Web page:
IMAGE model drivers and variablesDescriptionSource
Irrigation system Type of irrigation system: surface, sprinkler or drip. This is allocated at country level, based on Jagermeyr et al (2015). Drivers
Temperature - grid Monthly average temperature. Atmospheric composition and climate
Precipitation - grid Monthly total precipitation. Atmospheric composition and climate
Crop irrigation water demand - grid Water requirements for crop irrigation, calculated as daily moisture deficit during the growing season. Crops and grass
Land cover, land use - grid Multi-dimensional map describing all aspects of land cover and land use per grid cell, such as type of natural vegetation, crop and grass fraction, crop management, fertiliser and manure input, livestock density. Land cover and land use
External datasetsDescriptionSource
Digital water network - grid Digital water network DDM30 describing drainage directions of surface water, with each cell only draining into one neighbouring cell, organising cells to river basins.
LOD (location of dams and reservoirs) Location, building year, purpose and size of 7000 largest reservoirs.
Soil properties - grid Soil properties that have an effect on vegetation growth and hydrology. These characteristics differ between soil types. Relevant characteristics are soil texture and depth and water holding capacity HWSD database
Water demand other sectors - grid Total annual water demand for non-agricultural sectors (households, industry and electricity production)

Output Water component

IMAGE model variablesDescriptionUse
Water withdrawal other sectors - grid Total annual and monthly water withdrawal for households, industry and electricity. Not necessarily equal to the withdrawal demand, due to limited water availability.
Irrigation water withdrawal - grid Water withdrawn for irrigation, not necessarily equal to the withdrawal demand, because of limited water availability in rivers, lakes, reservoirs and other sources.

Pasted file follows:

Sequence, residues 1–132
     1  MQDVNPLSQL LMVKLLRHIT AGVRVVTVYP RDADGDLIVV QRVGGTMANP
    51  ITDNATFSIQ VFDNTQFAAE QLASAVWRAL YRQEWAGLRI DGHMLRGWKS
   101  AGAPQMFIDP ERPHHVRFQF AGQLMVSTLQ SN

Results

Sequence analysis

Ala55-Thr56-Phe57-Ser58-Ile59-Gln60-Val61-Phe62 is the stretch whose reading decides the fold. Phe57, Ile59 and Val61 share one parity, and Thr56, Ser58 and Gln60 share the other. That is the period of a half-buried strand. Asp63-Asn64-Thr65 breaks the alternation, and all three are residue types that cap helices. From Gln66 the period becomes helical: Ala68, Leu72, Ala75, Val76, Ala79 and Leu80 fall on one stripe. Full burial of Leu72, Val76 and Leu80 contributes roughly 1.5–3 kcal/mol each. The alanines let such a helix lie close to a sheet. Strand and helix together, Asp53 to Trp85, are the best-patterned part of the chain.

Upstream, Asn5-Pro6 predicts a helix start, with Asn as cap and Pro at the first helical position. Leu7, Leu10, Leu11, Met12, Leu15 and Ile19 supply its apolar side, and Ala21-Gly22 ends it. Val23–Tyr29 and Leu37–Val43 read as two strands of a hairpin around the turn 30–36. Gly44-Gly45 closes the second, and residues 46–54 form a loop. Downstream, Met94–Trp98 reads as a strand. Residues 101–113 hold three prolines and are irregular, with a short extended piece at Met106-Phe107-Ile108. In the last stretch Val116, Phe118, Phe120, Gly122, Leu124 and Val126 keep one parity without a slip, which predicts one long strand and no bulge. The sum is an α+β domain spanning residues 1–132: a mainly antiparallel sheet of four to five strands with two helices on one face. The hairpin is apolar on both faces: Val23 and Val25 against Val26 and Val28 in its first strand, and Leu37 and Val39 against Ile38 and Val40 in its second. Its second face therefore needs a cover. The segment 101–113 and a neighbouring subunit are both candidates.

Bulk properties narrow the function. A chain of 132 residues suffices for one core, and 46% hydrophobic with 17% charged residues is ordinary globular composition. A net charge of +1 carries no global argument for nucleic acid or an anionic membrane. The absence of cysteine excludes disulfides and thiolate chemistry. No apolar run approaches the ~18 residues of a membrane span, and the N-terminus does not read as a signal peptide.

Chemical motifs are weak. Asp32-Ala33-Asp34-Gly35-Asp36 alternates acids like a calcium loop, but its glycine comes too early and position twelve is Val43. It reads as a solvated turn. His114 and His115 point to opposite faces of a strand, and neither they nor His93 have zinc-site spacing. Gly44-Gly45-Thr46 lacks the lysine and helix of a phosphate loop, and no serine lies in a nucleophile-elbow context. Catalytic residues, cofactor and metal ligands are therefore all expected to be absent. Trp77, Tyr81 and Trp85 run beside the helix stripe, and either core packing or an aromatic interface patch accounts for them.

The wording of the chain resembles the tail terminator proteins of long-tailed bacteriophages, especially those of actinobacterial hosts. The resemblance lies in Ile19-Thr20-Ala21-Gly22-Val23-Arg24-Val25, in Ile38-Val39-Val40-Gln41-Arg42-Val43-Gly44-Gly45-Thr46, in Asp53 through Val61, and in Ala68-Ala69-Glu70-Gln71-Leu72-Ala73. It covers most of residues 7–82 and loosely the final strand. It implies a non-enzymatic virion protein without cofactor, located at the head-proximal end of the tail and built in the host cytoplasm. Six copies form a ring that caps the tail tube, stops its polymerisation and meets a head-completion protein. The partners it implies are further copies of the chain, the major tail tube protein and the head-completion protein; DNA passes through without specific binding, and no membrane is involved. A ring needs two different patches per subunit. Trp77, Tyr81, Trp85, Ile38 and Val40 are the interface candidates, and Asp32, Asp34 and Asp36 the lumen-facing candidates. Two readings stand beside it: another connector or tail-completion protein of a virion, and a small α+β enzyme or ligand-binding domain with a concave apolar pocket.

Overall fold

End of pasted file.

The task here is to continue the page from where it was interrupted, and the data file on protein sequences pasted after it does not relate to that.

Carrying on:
River discharge - grid Average flow of water through each grid cell.
Transgression of environmental flows - grid Deficit on environmental flow requirements, based on monthly discharge values Final output
Water stress - basin Water stress is a basin scale indicator of the mean annual water demand to availability ratio. This ratio gives an indication for the level of water stress experienced in the basin. Final output
Number of people at risk of severe water stress - grid Basins with ratios above 0.4 are considered to be severely water stressed. Using the projected population in each grid cell, the number of people at severe risk of water stress is determined Final output
Water consumption other sectors - grid Total annual and monthly water consumption for households, industry and electricity. Consumption is defined as the total withdrawals minus the return flows Final output
Irrigation water consumption - grid Water consumed through irrigation; equal to irrigation water withdrawal minus water lost during transport, depending on the conveyance efficiency. Final output
Environmental flow requirements - grid Percentage of natural flow reserved for the environment. Determined according to the Variable Monthly Flow method developed in Pastor et al., 2014 Final output